Chicago Journal of International Law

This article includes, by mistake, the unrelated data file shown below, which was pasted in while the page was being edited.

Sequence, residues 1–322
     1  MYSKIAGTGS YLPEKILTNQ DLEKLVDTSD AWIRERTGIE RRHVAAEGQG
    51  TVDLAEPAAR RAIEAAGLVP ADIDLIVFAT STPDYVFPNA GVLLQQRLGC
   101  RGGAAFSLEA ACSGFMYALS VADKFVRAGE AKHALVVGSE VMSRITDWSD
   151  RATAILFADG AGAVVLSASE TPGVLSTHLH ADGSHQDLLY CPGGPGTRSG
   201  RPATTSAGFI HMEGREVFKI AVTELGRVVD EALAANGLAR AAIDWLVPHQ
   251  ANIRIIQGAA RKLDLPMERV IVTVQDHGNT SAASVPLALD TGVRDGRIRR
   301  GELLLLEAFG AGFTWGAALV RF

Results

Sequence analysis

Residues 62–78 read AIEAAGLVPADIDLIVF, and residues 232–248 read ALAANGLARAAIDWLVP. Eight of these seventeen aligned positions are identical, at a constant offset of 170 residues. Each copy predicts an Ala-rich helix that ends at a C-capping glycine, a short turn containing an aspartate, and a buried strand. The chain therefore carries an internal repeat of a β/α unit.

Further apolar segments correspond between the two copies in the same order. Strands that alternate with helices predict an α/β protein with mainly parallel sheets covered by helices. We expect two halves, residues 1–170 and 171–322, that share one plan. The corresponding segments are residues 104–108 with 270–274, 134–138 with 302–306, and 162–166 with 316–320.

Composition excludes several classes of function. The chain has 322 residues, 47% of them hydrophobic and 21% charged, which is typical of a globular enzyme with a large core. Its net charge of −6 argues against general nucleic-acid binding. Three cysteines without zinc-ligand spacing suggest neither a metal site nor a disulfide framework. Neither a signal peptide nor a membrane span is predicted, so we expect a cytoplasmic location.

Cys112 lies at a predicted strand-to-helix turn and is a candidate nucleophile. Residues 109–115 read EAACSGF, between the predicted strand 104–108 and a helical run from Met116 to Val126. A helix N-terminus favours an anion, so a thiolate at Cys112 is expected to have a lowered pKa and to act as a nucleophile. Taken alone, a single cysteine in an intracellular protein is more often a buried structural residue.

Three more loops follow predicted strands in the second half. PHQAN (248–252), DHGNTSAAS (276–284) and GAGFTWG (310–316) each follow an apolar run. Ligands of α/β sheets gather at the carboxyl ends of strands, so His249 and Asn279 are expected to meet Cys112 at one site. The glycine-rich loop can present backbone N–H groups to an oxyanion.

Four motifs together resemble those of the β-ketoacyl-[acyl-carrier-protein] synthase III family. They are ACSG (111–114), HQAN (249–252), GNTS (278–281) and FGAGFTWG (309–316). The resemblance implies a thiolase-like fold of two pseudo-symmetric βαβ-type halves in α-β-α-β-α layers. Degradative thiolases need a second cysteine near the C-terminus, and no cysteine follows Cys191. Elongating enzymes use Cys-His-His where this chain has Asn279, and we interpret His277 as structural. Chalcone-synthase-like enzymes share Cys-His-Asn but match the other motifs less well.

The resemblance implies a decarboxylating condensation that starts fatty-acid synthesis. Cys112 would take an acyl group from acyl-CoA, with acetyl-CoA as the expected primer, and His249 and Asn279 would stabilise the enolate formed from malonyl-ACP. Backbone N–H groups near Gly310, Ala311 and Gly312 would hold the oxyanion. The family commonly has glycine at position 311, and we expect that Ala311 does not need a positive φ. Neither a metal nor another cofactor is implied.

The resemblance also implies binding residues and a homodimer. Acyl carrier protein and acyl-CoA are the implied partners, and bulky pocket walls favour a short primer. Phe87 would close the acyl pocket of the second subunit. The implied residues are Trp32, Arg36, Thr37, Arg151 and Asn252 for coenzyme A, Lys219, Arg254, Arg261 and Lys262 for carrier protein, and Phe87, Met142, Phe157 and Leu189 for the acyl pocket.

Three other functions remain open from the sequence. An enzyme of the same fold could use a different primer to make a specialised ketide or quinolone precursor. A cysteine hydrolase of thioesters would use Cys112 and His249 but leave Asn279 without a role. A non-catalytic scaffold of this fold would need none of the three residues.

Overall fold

When they can, people like to analogize a seemingly obvious, but unnoticed point to Sir Arthur Conan Doyle's Sherlock Holmes story of the dog that didn't bark.' In the story, Holmes deduced a murderer's identity because a guard dog failed to bark at the time of the crime, implying that the murderer and the dogs master were one and the same. Similarly, legal scholars like to infer the failure of various parties or institutions to speak up about something as implicit acquiescence. While we all like to make inferences from a dog's silence, however, we often never ask what was wrong with the dog in the first place. International legal scholarship is so frustrating and so disappointing for what it doesn't say, as much as for what it says. We rarely examine, however, what is so wrong with international legal scholarship that causes its failure to bark. At least the dog in the Holmes story had little choice; we can't blame a dog for recognizing the master who trained and fed him. International legal scholars, incredibly, often end up in the same place as the dog even though they now enjoy so many choices or directions in which to work, spanning a number of disciplines and normative outcomes.